Statistics say that two out of five children suffer from allergies, and five out of six children will have at least one ear infection before they turn three. Both have specific symptoms that can prompt a fast, easy diagnosis, but what do you do when things aren’t clear because symptoms overlap?
The ear, nose, and throat specialists at ENT of New Orleans, with offices in Chalmette, Harvey, New Orleans, and Marrero, Louisiana, can determine if your child’s more subtle symptoms point to allergies or an ear infection and recommend the right treatment in the earliest stages of either.
Symptoms of allergies are often highly visible. Allergies typically start with a case of the sniffles followed by runny nose, congestion, or both at the same time. Eyes get itchy, red, and watery, and the entire face can become flushed from the constant rubbing and irritation.
Allergies can be caused by outdoor seasonal allergens, indoor dust, mold, or pet dander, chemicals like those in cleaning products, or foods. Finding out what’s causing your child's allergies is important not only to give them relief but also to reduce the chances of a severe allergic reaction like anaphylaxis.
Ear infection symptoms may be more subtle at first; your child may be crying a lot, rubbing at the side of their head, and then running a fever. They may refuse any form of comfort and press a bunched-up blanket or stuffed animal to their head.
Most ear infections affect the middle ear and can be quickly cleared up with a round of antibiotic treatment prescribed by your doctor after an exam to confirm the diagnosis. However, some ear infections may be persistent, and your child could end up needing tubes in their ears for a year or more to help with drainage so pressure doesn’t build up and cause pain and infection.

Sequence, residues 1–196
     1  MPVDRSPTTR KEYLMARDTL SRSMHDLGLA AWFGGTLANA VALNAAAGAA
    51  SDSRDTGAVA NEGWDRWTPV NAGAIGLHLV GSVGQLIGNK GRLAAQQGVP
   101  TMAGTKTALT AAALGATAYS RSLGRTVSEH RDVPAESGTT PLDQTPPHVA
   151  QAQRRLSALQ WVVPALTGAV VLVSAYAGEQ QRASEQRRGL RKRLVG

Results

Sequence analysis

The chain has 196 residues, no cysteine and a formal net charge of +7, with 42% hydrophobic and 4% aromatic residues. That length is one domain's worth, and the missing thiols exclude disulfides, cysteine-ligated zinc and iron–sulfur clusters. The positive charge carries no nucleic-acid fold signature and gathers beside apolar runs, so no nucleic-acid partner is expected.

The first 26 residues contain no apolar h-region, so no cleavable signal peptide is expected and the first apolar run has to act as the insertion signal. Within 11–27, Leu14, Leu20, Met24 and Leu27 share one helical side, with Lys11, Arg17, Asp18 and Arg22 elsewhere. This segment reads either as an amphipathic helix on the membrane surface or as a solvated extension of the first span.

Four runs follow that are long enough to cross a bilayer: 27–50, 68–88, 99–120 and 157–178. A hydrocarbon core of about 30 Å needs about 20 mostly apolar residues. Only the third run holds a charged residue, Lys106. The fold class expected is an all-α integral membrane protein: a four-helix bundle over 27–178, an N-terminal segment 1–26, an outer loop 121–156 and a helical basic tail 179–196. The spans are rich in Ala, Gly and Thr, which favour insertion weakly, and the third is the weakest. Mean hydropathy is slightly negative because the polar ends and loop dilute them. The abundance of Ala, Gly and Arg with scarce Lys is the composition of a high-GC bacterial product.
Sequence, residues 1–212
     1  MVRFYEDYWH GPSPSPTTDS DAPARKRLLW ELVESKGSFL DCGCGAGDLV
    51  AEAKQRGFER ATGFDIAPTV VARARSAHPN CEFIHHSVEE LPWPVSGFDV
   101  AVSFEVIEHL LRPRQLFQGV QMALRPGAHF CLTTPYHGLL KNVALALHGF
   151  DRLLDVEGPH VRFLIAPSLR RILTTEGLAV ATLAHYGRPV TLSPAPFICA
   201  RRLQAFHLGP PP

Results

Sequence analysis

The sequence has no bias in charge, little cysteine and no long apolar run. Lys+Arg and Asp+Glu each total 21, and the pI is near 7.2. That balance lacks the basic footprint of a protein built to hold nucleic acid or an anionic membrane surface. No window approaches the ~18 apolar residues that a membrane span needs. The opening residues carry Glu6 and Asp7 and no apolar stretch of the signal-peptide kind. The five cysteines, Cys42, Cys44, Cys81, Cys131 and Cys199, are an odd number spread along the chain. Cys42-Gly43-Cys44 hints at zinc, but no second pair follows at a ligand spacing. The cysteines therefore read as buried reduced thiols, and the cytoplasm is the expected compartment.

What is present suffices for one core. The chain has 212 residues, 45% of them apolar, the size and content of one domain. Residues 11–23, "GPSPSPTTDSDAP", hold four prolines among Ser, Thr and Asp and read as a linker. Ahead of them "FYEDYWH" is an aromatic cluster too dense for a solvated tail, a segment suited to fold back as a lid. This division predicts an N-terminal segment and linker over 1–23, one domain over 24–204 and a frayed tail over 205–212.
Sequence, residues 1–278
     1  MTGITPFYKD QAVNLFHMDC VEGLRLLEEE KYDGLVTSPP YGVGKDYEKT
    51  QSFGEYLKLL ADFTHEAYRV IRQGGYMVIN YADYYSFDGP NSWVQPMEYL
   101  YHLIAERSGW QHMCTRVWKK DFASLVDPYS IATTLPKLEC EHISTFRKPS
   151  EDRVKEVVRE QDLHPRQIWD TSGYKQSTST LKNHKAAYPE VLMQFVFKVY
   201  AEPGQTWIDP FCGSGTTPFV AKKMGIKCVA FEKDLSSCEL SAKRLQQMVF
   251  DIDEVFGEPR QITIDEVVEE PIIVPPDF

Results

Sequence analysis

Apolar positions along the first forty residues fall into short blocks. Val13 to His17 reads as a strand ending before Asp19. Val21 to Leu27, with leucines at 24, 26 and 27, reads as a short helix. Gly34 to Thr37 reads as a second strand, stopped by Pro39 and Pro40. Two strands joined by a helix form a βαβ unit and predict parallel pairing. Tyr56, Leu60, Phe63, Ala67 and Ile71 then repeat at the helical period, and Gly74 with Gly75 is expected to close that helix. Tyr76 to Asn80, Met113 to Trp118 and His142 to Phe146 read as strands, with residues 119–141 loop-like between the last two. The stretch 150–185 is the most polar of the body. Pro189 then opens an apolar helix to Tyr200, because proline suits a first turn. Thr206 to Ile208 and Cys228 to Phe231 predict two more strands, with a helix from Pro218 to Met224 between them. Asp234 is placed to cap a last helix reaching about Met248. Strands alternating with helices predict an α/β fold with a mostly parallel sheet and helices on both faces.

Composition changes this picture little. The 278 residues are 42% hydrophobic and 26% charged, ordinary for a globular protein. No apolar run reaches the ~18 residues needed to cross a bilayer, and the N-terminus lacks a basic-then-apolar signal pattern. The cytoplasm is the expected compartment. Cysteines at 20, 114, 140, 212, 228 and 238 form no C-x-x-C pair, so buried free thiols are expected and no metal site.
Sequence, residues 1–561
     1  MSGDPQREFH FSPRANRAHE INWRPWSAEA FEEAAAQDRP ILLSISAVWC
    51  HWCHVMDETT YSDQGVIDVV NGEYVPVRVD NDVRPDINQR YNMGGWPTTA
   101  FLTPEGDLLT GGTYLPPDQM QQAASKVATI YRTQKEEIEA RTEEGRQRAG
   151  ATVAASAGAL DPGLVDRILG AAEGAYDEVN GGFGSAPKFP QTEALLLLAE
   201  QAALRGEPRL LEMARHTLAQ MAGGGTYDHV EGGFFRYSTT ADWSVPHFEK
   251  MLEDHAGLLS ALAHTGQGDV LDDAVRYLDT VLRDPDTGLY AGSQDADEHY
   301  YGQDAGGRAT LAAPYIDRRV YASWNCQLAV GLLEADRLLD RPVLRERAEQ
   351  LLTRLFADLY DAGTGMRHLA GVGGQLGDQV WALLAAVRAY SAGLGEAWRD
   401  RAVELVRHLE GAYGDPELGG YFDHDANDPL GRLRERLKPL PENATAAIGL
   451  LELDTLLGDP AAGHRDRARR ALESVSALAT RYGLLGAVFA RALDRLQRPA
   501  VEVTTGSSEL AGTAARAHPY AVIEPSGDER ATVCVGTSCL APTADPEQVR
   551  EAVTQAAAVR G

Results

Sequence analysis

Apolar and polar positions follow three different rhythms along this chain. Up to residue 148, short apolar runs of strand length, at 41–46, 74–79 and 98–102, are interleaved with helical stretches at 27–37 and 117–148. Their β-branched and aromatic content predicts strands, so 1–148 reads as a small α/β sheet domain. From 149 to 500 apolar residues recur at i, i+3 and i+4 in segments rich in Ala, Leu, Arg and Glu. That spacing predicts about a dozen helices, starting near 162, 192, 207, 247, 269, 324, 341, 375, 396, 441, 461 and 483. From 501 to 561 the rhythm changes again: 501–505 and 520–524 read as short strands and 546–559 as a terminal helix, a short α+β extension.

A few symptoms overlap between allergies and ear infections, and these usually show up early in the progression of both conditions. If you know how to recognize these symptoms, you can get your child in to see the doctor quickly and head off a bad allergy attack or serious ear infection before it worsens.
A child that scrubs and rubs at their face and head and possibly pulls their hair is expressing pain or irritation even if they can’t tell you the exact source. This could be itchiness and pain from congestion due to allergies, or it could be pressure and pain caused by an early stage ear infection. If a good face washing doesn’t fix the issue, your child needs to be seen by a doctor.
Both allergies and ear infections can result in a child who seems unhappy and fussy without any clear cause. This is because they’re experiencing feelings of being unwell that they may not be able to articulate, so they cry or whine because they can’t tell you exactly what’s wrong. Never write off a child’s prolonged unhappiness or crying as them simply being “naughty.” You’ll feel awful later if you find out they were sick and you ignored their symptoms.
Allergies and ear infections can both cause insomnia. If your child is typically a good sleeper and suddenly can’t get down for the night, it could be pain, pressure, irritation, or congestion to blame, all of which can be caused either by an ear infection or allergies.
Finally, allergies can actually cause ear pain, whether pollen irritates the eustachian tube or mucus builds up due to histamine release that increases pressure in the ear. If your child has allergies and starts complaining of ear pain, tell your doctor about their allergies. This ensures a thorough examination to ascertain exactly what’s causing the ear symptoms, so no unnecessary antibiotics are prescribed.
To learn more about allergies and ear infections, schedule a consultation with the team at ENT of New Orleans by calling the location closest to you, or requesting an appointment online.